If the examination is passed, credit (without grade) will be noted on the student's transcript. The departmental chair will notify the Registrar's Office, in writing, to enter the credit on the permanent record and notify the cashier, in writing, to reimburse the faculty member who administered the examination. If the examination is not passed, no notation is made on the transcript. In the case of freshmen who take placement examinations during the freshman orientation period, the fee is waived. Anyone seeking credit by examination must be either degree seeking or taking courses for teacher licensure. Credit by examination cannot be used to repeat a course, nor can it be used to meet the University's residency requirements for graduation.

Credit for Prior Life Experience

In exceptional cases, credit can be awarded for prior non-college-based learning if the credit sought is related to the student's degree program (i.e. general education, major or licensure requirements). Assessment of prior learning can commence only after a student has been admitted to the University and has declared a major.
The student will first meet with the designated Academic Advising representative who will help in defining the areas or disciplines in which appropriate creditable learning may have occurred. Actual assessment is conducted by a faculty member in the appropriate academic area. A $100.00 fee for each area of assessment will be charged. Payment is made to the Student Accounts Office.

Note: Anyone seeking credit for life experience must be either a candidate for an undergraduate degree at Appalachian or taking courses for teacher licensure. Credit for life experience cannot be used to repeat a course, nor can it be used to meet the University's residency requirements for graduation.

Dropping Courses (After Add/Drop Ends) New Policy Effective Fall, 2014 for All Students

Career Drops (Day 6 to End of Week 9): Outside of the published Drop/Add Period, students may drop no more than 4 courses in their entire academic career at ASU. If a student who has four previous drops attempts to drop another course, the drop will be denied and the student will remain enrolled in the course. Late Drops After Week 9: These are rarely approved, and then, only for extenuating circumstances beyond a student's control. Failing a course or changing a major is not an extenuating circumstance. The Late Drop Form is located under the "Student Forms" section of the CHS web site.

Updates to the Course Drop policy:

Career Drops:

  • You are allowed to use a total of four Career Drops during your entire academic career.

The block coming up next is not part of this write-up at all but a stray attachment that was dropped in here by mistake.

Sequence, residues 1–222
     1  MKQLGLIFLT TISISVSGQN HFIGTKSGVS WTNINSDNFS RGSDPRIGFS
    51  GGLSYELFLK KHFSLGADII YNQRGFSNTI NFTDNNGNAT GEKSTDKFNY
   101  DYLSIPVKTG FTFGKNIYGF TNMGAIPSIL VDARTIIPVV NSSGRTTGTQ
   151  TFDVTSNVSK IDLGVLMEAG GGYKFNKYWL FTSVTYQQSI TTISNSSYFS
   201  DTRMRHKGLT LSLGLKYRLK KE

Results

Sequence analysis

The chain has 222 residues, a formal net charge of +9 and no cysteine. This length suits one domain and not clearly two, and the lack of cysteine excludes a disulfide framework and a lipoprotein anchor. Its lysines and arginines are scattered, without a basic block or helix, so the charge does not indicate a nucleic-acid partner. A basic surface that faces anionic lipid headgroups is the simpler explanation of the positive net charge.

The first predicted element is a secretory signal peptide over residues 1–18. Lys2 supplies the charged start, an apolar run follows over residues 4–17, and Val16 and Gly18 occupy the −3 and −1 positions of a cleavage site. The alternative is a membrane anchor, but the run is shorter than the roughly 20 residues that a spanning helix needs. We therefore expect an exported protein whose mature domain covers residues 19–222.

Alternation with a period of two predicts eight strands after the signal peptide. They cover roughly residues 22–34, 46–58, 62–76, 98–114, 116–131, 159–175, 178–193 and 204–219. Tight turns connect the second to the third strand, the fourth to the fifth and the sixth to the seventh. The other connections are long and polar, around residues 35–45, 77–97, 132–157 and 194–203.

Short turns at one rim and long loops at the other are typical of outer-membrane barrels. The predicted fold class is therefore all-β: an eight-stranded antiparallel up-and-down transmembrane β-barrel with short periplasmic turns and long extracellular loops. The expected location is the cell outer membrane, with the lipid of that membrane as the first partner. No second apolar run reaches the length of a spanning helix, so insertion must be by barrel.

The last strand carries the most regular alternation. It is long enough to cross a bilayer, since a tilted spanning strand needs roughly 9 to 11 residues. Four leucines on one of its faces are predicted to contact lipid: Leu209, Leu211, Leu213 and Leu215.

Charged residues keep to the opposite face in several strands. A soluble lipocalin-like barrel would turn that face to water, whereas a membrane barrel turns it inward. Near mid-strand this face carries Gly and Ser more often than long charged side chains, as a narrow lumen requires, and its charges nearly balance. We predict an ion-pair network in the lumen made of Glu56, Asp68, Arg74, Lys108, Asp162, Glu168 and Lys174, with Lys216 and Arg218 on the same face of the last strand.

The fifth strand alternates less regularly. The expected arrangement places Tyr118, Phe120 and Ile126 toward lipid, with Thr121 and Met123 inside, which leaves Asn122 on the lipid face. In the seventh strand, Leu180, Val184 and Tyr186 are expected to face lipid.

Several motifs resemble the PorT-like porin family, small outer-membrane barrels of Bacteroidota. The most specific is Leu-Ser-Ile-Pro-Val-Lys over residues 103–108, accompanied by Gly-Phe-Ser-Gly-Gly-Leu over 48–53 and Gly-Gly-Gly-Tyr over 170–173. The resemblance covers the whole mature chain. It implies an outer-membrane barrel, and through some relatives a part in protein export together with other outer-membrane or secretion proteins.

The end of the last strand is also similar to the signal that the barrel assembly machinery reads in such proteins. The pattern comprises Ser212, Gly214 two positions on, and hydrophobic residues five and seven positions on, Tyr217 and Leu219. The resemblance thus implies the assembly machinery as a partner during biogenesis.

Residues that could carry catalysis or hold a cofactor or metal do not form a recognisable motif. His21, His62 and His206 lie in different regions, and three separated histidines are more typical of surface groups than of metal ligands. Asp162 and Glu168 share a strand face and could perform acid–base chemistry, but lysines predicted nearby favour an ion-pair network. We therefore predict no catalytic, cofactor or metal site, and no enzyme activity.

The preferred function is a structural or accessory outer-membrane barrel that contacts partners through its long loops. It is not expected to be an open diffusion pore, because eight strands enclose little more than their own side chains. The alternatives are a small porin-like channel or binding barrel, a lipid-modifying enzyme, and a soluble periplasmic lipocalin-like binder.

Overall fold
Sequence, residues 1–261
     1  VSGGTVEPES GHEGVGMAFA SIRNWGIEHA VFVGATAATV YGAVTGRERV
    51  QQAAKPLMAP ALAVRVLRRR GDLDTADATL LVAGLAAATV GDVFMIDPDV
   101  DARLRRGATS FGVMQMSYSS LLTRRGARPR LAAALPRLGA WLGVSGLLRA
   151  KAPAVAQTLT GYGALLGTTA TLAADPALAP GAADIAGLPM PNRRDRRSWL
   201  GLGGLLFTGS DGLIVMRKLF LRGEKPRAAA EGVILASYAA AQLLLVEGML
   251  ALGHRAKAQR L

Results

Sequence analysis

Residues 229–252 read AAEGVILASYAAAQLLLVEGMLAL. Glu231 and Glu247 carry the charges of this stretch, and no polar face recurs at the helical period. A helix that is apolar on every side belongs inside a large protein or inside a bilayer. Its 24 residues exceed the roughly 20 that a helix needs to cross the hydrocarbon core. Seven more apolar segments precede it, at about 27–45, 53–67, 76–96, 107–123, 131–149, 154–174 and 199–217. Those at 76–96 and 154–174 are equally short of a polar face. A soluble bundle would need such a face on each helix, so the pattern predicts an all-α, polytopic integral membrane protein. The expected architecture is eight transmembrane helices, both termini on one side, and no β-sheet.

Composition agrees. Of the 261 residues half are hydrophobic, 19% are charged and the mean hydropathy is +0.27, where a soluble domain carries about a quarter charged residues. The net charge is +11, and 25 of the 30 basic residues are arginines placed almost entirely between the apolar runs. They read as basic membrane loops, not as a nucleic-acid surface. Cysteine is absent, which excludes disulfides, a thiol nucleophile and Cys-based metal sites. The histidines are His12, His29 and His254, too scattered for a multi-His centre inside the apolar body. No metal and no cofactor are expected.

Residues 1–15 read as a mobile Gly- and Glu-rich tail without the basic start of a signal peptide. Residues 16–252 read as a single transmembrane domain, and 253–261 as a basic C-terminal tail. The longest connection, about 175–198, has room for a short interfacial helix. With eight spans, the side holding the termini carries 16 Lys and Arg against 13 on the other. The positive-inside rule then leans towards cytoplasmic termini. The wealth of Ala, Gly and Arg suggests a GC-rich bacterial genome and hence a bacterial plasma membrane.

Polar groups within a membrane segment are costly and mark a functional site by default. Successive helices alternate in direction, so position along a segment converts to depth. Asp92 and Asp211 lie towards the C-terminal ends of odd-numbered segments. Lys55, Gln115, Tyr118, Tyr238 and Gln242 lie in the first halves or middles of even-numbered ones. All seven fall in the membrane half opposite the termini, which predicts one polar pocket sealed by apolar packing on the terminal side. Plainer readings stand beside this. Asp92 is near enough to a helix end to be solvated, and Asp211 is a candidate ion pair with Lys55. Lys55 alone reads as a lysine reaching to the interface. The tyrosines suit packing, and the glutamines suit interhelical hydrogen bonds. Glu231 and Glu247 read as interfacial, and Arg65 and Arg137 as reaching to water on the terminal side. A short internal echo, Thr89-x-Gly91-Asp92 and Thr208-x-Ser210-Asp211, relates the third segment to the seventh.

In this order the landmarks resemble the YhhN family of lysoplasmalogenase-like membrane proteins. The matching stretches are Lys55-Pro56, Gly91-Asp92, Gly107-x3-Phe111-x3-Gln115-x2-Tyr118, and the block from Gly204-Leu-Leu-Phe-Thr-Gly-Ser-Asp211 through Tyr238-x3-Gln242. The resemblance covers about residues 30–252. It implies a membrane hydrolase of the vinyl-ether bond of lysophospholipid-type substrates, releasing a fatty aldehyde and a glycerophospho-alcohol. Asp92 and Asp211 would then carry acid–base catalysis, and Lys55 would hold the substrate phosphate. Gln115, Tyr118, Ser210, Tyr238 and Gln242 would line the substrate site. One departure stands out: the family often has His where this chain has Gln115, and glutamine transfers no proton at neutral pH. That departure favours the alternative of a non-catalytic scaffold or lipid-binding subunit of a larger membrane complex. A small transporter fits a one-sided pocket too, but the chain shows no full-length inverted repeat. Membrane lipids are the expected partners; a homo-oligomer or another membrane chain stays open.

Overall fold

• Career Drops do not include courses dropped during the Drop/Add Period.
  • Career drops must be completed prior to the end of the 9th week of the fall/spring semester.
  • You drop courses through your AppalNet account; no form is required.
  • You will receive a grade of 'WC' on your transcript for any course you drop after the Drop/Add Period.
  • All dropped courses will count in the attempted hours.

What if you want to drop a class after the end of the 9th week or you have already used your four Career Drops?

  • More than four drops or dropping after the end of the 9th week is not allowed. Your Appalnet will not allow these drops to be processed.
  • If you have compelling, documented extinuation circumstances, including but not limited to military deployment or hospitalization, you may complete the Request for an Exception to the Drop Policy form found on the Registrar's Office website.
  • Please see this link for more information that was emailed to campus about the changes to Academic Standing:

Course Drop Policy Changes

GPA

The GPA is determined by dividing the total number of quality points earned by the quality hours attempted. Quality points per semester hour are awarded as follows:

  • A 4.0 B 3.0 C 2.0 D1.0
  • A- 3.7 B- 2.7 C- 1.7 D- 0.7
  • B+ 3.3 C+ 2.3 D+ 1.3 F 0.0

Multiply the quality hours by the quality points to determine the points awarded for a specific course. For example, a grade of B in a 3 hour course would earn 9 quality points.

Incomplete Grades

Grades of 'I' are to be assigned only because of sickness or some other unavoidable cause, not merely for missed assignments.

The student is responsible for checking with the instructor with regard to deadlines for completion of coursework. A student who receives an Incomplete in a course has a maximum time of one semester to complete the requirements. The instructor sets the timetable for completion of the requirements, which may be less than one semester.

After one semester or the agreed upon time set by the instructor, the "I" will be changed to an "F" if the course work has not been completed. A student cannot graduate with an "I" on his record. A student should not reenroll for a course in which he has an outstanding incomplete.

Institutional Credit

Courses numbered below 1000 earn "institutional credit" only. These courses do not count for graduation but are computed in the student's GPA. The hours count toward full-time student eligibility but do not count toward hours required for graduation or for honors.

Intent Not to Return

If a student has registered and decides not to return to Appalachian for the following term, he/she should notify the Registrar's Office.

Math Placement

All students must take the Math Placement Test except for those who:

  • Earned a minimum of 520 on the SAT math test
  • Earned a minimum of 22 on the ACT math test